After 45 Years, Will the U.S. Military Draft Return?

The United States military draft ended a long time ago. Nineteen-seventy-three, to be exact. That’s 45 years ago, as U.S. involvement in the Vietnam War was winding down.

Since that time, our country has had an all-volunteer military force. That force has taken part in a number of military engagements. In places such as Grenada, Panama, Afghanistan and Iraq.

Hundreds of thousands of U.S. troops have had combat deployments since the mid-1970s. Today there are approximately 100,000 American soldiers deployed around the world.

Some of them are engaged in combat operations. Others are stationed in a variety of countries, training local forces.

Recruiting Challenges Increasing

Tom Bowman is a National Public Radio Pentagon correspondent. He said he believes the all-volunteer military has “performed quite well.”

But he added that the Army and other military branches want to increase their numbers. That’s in order to make deployments shorter and give soldiers longer breaks.

The responsibility for convincing more young men and women to join a branch of the U.S. military falls on recruiters.

Among the challenges recruiters face is a labor market that is near full employment. Plus increased restrictions on recruiting immigrants. Not to mention the fact that too many Americans don’t qualify because they are overweight.

Local Military Bases Help

Another issue for recruiters is the divide between the military and civilian worlds. Many teenagers say they know very little about the military. So, military service is not something they actively pursue or consider.

The Pentagon recently responded to this situation with a public relations campaign. It was designed to make civilians more familiar with the military. And to try to remove negative stereotypes connected to it.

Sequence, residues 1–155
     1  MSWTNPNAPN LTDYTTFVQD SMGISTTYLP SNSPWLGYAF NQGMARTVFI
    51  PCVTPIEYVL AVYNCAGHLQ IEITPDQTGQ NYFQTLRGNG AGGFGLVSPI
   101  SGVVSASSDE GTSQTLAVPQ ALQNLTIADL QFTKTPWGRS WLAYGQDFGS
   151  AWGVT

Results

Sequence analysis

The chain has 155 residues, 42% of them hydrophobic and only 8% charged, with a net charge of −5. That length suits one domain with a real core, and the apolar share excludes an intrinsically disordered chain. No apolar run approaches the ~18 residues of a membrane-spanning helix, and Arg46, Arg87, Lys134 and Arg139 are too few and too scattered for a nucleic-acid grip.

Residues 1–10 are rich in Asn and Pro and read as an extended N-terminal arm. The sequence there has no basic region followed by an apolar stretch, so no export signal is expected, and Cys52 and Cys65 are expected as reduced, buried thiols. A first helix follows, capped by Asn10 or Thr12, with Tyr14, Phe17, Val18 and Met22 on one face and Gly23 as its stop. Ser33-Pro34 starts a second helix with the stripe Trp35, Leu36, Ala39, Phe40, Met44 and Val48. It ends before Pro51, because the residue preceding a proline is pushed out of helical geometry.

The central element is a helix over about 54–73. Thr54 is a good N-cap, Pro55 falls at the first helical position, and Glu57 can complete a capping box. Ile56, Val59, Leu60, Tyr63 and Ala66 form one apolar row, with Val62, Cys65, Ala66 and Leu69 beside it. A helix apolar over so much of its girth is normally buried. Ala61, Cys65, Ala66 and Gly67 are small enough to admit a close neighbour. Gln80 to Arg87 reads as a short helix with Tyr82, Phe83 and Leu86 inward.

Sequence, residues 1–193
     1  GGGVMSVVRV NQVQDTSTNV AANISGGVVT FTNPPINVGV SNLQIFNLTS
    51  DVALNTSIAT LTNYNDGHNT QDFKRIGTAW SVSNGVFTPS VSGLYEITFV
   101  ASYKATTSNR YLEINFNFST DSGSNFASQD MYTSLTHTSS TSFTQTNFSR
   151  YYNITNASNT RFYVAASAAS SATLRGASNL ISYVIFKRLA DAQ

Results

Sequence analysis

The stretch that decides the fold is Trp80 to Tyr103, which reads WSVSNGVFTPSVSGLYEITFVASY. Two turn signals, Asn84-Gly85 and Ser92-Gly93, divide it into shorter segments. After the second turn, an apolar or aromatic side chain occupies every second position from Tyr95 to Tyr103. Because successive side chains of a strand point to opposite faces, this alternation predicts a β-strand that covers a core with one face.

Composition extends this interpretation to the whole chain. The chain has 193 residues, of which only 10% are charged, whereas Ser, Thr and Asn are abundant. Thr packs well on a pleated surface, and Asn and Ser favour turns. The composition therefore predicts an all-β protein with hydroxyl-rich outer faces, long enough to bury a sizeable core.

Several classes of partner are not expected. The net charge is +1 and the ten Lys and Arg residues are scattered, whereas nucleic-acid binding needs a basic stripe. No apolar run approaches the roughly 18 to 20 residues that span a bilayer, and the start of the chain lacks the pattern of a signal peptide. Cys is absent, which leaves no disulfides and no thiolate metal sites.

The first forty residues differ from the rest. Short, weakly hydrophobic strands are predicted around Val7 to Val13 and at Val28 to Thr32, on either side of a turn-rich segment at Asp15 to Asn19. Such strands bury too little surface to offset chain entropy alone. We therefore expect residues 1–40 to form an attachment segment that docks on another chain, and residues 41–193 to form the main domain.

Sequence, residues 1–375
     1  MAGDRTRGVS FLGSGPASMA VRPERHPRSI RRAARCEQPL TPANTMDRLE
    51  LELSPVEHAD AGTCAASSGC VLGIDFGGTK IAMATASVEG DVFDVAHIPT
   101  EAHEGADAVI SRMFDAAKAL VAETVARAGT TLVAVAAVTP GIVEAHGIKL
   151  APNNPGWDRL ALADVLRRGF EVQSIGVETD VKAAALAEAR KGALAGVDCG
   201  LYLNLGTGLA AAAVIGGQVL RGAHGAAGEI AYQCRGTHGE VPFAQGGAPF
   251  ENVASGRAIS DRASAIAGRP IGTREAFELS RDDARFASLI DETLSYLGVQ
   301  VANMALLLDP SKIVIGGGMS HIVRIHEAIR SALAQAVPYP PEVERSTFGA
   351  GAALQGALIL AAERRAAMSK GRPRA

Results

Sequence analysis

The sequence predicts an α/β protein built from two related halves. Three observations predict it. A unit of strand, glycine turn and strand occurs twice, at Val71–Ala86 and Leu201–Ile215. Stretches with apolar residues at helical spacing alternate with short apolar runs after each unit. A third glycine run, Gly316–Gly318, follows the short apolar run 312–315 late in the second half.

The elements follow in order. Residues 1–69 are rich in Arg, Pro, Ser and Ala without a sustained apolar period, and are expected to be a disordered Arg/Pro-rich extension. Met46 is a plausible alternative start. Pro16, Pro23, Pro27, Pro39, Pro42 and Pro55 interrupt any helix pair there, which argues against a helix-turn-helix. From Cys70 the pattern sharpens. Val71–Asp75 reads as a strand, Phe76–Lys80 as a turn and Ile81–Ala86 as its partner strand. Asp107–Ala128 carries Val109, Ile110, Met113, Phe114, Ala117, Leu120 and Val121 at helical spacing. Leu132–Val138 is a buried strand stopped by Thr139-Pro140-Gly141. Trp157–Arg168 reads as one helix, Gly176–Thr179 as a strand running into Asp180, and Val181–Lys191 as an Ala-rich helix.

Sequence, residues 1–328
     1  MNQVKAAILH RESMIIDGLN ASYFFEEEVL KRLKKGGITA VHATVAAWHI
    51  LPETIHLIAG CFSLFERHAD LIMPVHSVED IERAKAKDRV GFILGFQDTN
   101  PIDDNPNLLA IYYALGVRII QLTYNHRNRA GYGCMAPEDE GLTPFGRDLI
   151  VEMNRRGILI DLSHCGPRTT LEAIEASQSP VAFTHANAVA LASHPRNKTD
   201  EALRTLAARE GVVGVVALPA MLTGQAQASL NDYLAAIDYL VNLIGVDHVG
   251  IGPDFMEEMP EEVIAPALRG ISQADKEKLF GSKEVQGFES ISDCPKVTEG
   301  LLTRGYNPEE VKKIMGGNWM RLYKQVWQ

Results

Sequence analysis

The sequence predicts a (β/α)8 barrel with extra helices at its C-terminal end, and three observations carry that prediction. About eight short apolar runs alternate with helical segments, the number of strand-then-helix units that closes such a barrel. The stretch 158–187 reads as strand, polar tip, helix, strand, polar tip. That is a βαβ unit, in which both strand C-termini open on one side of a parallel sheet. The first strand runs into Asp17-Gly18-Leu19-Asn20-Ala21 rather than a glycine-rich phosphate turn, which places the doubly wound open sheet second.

You may have seen an increase in tv commercials for the Navy, Army and Air Force from this campaign. The Army scrapped the “Be All You Can Be” motto for a “Team” initiative. And the newest commercials focus on the military having a family atmosphere or emphasizing a stronger work-life balance than previously advertised.

Recruiters in states where major military bases are located – including North Carolina, California, and Texas – have more success. That’s because residents are more familiar with the military in those states.

Social media sites have proven to be effective places to locate and communicate with potential recruits.

Trump Calls for Military Growth

Young men and women give several reasons for joining the military. Such as a physical challenge, a mental challenge or for help paying for college or a graduate degree.

Many come from families with a long history of military service. Others say they come from a “messy background.”

But there are not enough of them. President Donald Trump called for an increase in the military’s size before the end of 2018.

Specifically, that meant 7,500 more soldiers and 4,000 more sailors. Plus 1,000 new Marines and 4,100 more airmen.

The Numbers Don’t Lie

“It is not some arbitrary number,” said Army Chief of Staff Mark Milley. “We have done the analysis. We need to be bigger and we need to be stronger and more capable.”

And here are the challenges recruiters face… by the numbers. One in three potential recruits is disqualified from service because he or she is overweight.

One in four can’t meet the minimal educational standards (high school diploma or GED equivalent). One in 10 has a criminal history.

Amazingly, 71 percent of 18- to 24-year-old individuals are disqualified from military service.

Among the 29 percent that are eligible, only one in eight has interest in joining the military. And 30 percent of that group fails to pass the Armed Forces Qualification Test.

Considering a Draft Comeback

So, is reinstituting the military draft the only option for increasing the number of service men and women? Will the draft come back?

Some European countries are already bringing it back. And it has been brought up as a topic of discussion in the US, but short of another world war, it doesn’t seem likely.

“There’s no political support (for it),” Bowman said. “And Army officers I talk with really don’t want a draft.

“They want people who choose to be in the Army, who want this as a profession. (And) they don’t need millions of people marching around Fort Dix like you saw during World War II.”

Still, there might not be an option.

What Do You Think?

How do you feel about this? If recruiters are not able to bring in as many recruits as needed, would you be in favor of reinstating the military draft?

I’d love to hear your opinion about this.

If you’d like to participate in our reader poll, please leave a comment below.


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